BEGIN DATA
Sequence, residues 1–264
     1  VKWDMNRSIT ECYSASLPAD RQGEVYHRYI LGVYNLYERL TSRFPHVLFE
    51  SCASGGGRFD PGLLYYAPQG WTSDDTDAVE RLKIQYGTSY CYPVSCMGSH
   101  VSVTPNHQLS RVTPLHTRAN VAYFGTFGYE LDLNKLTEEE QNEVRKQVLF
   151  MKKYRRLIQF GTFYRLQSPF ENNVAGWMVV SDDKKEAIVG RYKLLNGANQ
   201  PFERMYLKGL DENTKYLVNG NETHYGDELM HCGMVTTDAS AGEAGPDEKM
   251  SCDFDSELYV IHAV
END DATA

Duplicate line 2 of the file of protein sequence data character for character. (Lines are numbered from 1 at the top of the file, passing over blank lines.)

     1  VKWDMNRSIT ECYSASLPAD RQGEVYHRYI LGVYNLYERL TSRFPHVLFE